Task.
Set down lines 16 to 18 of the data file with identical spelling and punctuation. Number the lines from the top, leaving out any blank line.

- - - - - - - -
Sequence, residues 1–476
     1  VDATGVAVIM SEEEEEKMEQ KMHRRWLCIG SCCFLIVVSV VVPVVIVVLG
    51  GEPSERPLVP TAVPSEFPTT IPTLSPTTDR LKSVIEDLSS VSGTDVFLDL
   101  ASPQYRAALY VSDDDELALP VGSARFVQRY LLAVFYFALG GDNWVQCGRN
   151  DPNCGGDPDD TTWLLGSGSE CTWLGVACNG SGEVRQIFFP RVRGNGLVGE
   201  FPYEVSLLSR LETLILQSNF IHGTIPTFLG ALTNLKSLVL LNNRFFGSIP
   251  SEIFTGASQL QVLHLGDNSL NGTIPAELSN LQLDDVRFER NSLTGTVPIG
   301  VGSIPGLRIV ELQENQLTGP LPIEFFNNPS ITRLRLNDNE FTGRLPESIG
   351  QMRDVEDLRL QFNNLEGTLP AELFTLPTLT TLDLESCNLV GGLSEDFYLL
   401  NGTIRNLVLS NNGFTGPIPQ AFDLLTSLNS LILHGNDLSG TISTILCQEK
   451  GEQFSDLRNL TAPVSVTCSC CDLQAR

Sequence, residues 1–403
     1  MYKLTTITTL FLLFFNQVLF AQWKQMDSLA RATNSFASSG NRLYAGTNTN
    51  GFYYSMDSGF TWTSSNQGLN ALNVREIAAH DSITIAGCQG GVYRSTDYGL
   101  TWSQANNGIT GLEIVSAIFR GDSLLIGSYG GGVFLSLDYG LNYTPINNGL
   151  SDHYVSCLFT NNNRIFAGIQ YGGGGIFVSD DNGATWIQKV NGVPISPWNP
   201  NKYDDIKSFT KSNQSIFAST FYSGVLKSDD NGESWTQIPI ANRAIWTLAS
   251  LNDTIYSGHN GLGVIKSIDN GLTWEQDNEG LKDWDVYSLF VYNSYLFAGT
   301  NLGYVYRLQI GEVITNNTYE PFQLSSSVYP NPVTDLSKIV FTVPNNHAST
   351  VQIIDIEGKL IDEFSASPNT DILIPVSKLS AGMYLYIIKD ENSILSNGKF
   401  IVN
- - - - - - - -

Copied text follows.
   151  SDHYVSCLFT NNNRIFAGIQ YGGGGIFVSD DNGATWIQKV NGVPISPWNP
   201  NKYDDIKSFT KSNQSIFAST FYSGVLKSDD NGESWTQIPI ANRAIWTLAS
   251  LNDTIYSGHN GLGVIKSIDN GLTWEQDNEG LKDWDVYSLF VYNSYLFAGT